Good morning! Welcome to The Morning Shift, your roundup of the auto news you crave, all in one place every weekday morning. Here are the important stories you need to know.
1st Gear: Volkswagen’s Likely New Head Is Cool As A Cucumber
Sources at Volkswagen have indicated that Volkswagen Brand Chief Herbert Diess is likely to replace Matthias Müller as chief executive of the wider Volkswagen Group, reports Reuters. Müller’s contract runs through 2020, but VW has been undergoing a major management shake-up where even Müller isn’t safe.
While Müller has been at Volkswagen for the past four decades, Diess was recently brought over from BMW AG in 2015. Diess is no stranger to handling controversy, Bloomberg notes, as he’s weathered a standoff with Volkswagen’s labor unions over cost cuts already in his time at Volkswagen:
But Diess, a lanky, cool-headed Bavarian, never got ruffled and ultimately secured a landmark deal that paved the way to cut as many as 30,000 jobs and save 3.7 billion euros ($4.6 billion). In the process, he earned the trust of the Porsche/Piech clan that controls the company by fixing problems at its flagship unit, according people familiar with the matter.
Being chill in the deepest controversies seems baked into the job description of basically anything at the Volkswagen Group at this point, so that’s one plus in Diess’s favor. It’s also a direct contrast to how un-chill Müller’s been in public recently, according to Bloomberg:
While the timing of the handover seems somewhat counter-intuitive — VW is financially on the mend and has defended its status as the industry No. 1 — Mueller had at times shown signs of fatigue. At recent public events, the CEO has appeared strained and prickly, a contrast to his previous persona as the easygoing boss of the Porsche car brand — the job he held before being tapped for CEO in the chaotic days following the cheating revelations in September 2015.
Bloomberg also notes that Müller was never viewed as the right man to head up the VW Group internally, either. That’s no bueno when Volkswagen is considering making sweeping changes in the near future, including a possible spin-off of its trucking business.
Volkswagen is expected to announce their new Chief Executive at a supervisory board meeting Friday, per Bloomberg. However, given labor leaders’ lack of confidence in Diess after the layoffs he brought to the Volkswagen brand, Reuters notes that the VW Group is expected to give labor leaders a management board seat to smooth over the deal.
2nd Gear: California Could Make A Deal With Trump’s Administration On Emissions After All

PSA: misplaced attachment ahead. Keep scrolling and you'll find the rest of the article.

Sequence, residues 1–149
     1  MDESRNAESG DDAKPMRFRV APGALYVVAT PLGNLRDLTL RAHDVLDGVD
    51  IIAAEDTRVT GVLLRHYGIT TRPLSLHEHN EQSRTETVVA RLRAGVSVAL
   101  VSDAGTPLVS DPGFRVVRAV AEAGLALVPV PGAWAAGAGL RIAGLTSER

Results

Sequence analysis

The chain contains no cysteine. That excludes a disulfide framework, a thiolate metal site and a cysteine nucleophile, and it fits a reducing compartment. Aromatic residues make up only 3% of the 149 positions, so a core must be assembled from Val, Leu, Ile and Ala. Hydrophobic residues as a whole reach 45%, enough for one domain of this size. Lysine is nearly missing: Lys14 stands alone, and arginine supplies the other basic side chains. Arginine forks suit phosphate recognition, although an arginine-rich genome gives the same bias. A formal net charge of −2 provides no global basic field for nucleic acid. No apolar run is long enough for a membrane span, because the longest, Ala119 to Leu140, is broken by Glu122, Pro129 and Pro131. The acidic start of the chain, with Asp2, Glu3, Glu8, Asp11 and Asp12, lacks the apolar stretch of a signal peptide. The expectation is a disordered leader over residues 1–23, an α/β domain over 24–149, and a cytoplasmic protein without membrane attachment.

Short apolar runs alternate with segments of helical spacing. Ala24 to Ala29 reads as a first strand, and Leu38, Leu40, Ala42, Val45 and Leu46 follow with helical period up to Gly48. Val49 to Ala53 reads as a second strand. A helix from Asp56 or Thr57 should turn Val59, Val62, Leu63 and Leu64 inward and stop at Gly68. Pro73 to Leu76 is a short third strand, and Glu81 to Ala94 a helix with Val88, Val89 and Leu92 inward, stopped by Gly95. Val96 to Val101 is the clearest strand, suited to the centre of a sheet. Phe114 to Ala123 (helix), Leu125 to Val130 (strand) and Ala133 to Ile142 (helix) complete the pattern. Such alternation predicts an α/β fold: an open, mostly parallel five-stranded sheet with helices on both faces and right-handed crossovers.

The lack of any specific proposals from the administration’s regulation-averse agencies has led California Air Resources Board chair Mary Nichols to believe that some kind of consensus is possible, Bloomberg writes:
Nichols said she’s open to adjusting California’s regulations to make them easier for automakers to manage in a way that doesn’t abandon the state’s overall emissions-reduction goals. Rules agreed to by carmakers, California, the U.S. Environmental Protection Agency and the National Highway Traffic Safety Administration in 2011 aim to boost fuel economy to more than 50 miles per gallon by 2025, or roughly 36 miles per gallon in real-world driving.
Future changes could include granting automakers additional pollution credits for putting fleets of electric vehicles on the road that encourage car sharing, or not holding automakers responsible for the emissions of power plants that provide electricity for plug-in cars, Nichols said.
It’s the conflict we all know at this point: California, a state aptly described by Dr. Dre as the home of “sticky green and bad traffic,” wants more power to keep smog out of their air, but Trump’s feds believe the Obama-era emissions targets are too onerous for automakers.
The state’s talks with federal regulators has been sporadic, with the state still waiting for a formal proposal from the Trump administration to materialize. Nichols told Bloomberg that she expects the state to offer a range of possibilities, some of which may even be workable.
That being said, California and other states are still considering a lawsuit to preserve its rights to set its own policy regarding vehicular emissions, Bloomberg notes.
3rd Gear: It’s Hard To Pay Attention On Autopilot